Winter has arrived early this year in the United States. Snow and frigid temperatures may cause animals to become stressed and also influence farm production. Cold weather may also give rise to health concerns for animals and so it may increase the risk of losses and healthcare costs for farmers. During the winter, you should take a few precautionary measures that we have already discussed in our previous blog titled Cattle Management – 5 Tips for Winter. In this blog, we will show you how to improve your livestock health through maximizing the use of nutrition, minimizing stress which would in turn maximize your farm production even further.
In addition to providing shelter and windbreaks in your pasture, below are some points given to improve your cattle health this winter.
1. Supplement with high quality forage and fodder
During the cold winter season, your herd will need extra energy to stay warm, and therefore, you will have to provide them with higher quality forages or supplement them with protein based feed and grains. Your herd may not eat enough food to meet energy requirements in cold weather. Animals with winter coats and fur tend to do well in cold weather until the temperature reaches the critical point. If the weather is wet or windy, and if your animals get wet, the critical point may be at a higher degree. Studies show that with each degree drop in temperature below the critical temperature, a cow’s energy requirement increases by one percent.
For cattle with dry winter fur, the critical temperature is 32 degrees F and with a dry heavy winter fur this temperature drops to 19 degree F.
Table 1. Example of effect of temperature on Energy Needs
Extra Feed Needed
|Temperature||Extra TDN Needed*||Hay (lbs/cow/day)||Grain (lbs/cow/day)|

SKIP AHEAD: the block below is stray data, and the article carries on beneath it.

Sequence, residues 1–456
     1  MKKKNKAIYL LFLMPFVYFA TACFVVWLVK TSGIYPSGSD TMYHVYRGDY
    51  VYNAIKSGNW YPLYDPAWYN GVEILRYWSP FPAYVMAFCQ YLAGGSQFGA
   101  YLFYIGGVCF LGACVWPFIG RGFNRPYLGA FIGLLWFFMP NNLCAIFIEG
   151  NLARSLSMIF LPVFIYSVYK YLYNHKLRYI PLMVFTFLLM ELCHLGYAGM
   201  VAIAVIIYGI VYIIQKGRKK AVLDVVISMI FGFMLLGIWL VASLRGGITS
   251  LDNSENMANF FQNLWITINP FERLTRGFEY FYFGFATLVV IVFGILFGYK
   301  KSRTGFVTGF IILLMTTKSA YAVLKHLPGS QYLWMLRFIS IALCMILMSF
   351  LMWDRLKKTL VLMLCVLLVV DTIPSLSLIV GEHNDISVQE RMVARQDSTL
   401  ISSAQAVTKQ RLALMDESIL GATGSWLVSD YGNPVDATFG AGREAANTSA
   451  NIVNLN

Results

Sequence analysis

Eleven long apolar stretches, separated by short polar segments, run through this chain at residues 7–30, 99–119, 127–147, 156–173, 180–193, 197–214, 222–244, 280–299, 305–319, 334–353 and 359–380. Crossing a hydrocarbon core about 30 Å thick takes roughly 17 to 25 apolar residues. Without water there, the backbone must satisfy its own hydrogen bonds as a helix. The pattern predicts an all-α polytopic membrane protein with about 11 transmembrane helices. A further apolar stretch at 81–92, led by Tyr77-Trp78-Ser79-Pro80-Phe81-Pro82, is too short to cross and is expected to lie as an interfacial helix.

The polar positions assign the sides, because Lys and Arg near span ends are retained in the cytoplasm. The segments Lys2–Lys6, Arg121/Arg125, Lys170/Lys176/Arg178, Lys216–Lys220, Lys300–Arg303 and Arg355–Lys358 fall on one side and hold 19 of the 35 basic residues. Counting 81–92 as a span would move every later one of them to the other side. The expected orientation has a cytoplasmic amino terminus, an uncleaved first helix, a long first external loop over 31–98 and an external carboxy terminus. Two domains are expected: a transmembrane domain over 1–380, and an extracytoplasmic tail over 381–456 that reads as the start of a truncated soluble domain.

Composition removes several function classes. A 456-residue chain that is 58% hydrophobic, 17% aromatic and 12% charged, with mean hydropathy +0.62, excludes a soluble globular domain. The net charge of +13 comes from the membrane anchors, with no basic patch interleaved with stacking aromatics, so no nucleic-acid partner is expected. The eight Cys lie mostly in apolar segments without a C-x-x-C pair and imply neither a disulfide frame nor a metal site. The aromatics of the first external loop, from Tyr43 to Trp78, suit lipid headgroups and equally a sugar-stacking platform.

(Table Credit: fyi.uwex.edu)
*TDN – Total Digestible Nutrients
2. Separate thin cows and calves
During the winter, it is important that you maximize the use of your feed and reduce feed waste. All of your animals may not need equal amounts of feed. The animals who are fully adults and have winter fur on, may need less food to stay warm than those with less body fat and body hair. So, separate the group of animals that are thin or young ones that need extra energy and feed them separately. If you do not provided enough energy, this group of cows can enter calving in poor body condition, which can lead to difficulties calving, poor colostrum, lower milk production, and poor conception rates. Calves may also suffer from lack of nutrition and become thin or sick. (fyi.uwex.edu)
3. Provide extra insulation & shelter
Hair coat on animals provide them insulation and protect them from cold, but wet, muddy or windy conditions can impact degree of cold stress and affect feed intake requirements. Air pockets between the hair fibers are a source of insulation and can actually decrease dry matter intake requirements. Therefore, be careful not to force cattle into barns or enclosures during storms. Enough wind breaks and shelters are needed for animals while grazing outside in the winter. Plant trees and put up fences for them to protect them from wind and storms. Also provide padding and such for young ones to rest.
4. Supply feed in the late evening and early morning
Animals start to produce incremental heat in their body soon after you feed them and it reaches its maximum 4 to 6 hours after they have been fed. Therefore feeding them late in the evening will help ruminant animals to stay warm at night when they chew their cud and start the fermentation process overnight.For all natural feed, you may obtain a DIY system to grow your own fodder indoors during the winter or anytime, all year round. Growing fodder from grains allow you to supply high quality, high protein, high calorie feed, necessary for increasing body heat in animals and staying comfortable during winter.
Source: Sustainable Livestock Nutrition